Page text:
Doris lessing biography
Doris Lessing, (born Doris May Taylor in Kermanshah,Persia on October 22nd 1919) is a British writer, the author of works such as the novel "The Grass is Singing" and "The Golden Notebook". She was awarded the Nobel Prize for literature in 2007.
Her father, who had lost a leg during his service in World War I met his future wife, a nurse, at the Royal Free Hospital where he was recovering from his amputation.Alfred Taylor moved his family to Persia (now Iran), in order to take up a job as a clerk for the Imperial Bank of Persia; and it was ther that Doris Lessing was born in 1919. The family then moved to the British colony of Southern Rhodesia (now Zimbabwe) in 1925, to farm maize, at the time when her father purchased around one thousand acres of bush. The farm was not successful and failed to deliver the wealth the Taylors had expected.
Doris was educated in a Roman Catholic convent all-girls school in Salisbury. She left school at 14, and thereafter, was self-educated; and worked as a nursemaid; and it was about this time that she started reading material about politics and sociology that her employer gave her to read. She began writing around that time. In 1937, she moved to Salisbury to work as a telephone operator, and she soon married her fi rst husband, Frank Wisdom, with whom she had two children, before the marriage ended in 1943.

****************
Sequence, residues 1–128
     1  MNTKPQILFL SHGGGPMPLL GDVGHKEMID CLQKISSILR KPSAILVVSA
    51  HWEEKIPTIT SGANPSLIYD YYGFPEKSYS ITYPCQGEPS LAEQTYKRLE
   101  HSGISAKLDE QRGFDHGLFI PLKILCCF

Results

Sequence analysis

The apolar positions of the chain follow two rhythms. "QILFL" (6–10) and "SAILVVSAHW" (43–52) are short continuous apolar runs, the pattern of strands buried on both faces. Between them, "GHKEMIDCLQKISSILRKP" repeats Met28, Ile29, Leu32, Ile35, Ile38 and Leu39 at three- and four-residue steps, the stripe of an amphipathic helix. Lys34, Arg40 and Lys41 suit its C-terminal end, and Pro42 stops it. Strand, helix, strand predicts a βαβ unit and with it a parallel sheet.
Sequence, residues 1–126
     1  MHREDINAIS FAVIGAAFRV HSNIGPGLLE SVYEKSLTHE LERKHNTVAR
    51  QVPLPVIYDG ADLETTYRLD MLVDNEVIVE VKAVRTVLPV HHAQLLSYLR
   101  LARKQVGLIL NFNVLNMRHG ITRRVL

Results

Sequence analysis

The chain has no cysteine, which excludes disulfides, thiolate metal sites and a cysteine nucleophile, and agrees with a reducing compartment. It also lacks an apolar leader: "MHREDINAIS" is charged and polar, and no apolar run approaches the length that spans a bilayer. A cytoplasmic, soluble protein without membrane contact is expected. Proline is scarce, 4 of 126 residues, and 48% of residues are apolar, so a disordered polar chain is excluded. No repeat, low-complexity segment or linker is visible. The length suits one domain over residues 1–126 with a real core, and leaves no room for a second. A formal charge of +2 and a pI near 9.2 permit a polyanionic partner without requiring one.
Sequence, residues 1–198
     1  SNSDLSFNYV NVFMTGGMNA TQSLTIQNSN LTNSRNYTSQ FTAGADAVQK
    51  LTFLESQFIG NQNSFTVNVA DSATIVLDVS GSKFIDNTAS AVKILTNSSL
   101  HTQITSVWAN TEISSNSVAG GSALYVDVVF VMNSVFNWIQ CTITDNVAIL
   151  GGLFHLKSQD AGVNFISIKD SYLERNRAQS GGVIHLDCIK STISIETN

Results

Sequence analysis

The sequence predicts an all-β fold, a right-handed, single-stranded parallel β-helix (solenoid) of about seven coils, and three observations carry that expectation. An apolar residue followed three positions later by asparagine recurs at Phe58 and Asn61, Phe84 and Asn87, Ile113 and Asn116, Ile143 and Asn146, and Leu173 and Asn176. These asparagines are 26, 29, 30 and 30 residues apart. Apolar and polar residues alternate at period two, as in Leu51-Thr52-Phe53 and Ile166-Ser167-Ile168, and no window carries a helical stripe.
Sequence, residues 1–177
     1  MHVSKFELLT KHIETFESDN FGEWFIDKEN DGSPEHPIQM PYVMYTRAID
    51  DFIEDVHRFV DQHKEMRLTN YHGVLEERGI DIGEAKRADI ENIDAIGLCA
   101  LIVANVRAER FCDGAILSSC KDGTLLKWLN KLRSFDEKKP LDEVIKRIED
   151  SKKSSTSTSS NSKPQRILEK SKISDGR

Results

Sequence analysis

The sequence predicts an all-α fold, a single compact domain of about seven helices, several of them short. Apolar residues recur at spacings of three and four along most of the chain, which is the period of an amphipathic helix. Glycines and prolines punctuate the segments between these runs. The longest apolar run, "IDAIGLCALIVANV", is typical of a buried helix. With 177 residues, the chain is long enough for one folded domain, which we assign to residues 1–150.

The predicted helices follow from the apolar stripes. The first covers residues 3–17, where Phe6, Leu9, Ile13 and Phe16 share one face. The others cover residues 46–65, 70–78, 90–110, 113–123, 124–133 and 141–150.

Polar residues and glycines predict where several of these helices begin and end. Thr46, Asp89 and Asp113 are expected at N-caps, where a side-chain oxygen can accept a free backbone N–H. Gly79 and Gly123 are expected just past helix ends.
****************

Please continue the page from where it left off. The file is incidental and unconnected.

After her divorce, Lessing was drawn to Communist Left Book Club, and it was there that she met her second husband, Gottfried Lessing. They were married shortly after she joined the group, and had a child, before the marriage also ended up in a divorce in 1949. Gottfried Lessing was sent to Uganda, where he became the East German ambassador, and was murdered in the 1979 rebellion against Idi Amin Dada.
Because of her commitment (engagement) in the campaign against nuclear arms and South African apartheid, Doris Lessing was banned from that country and from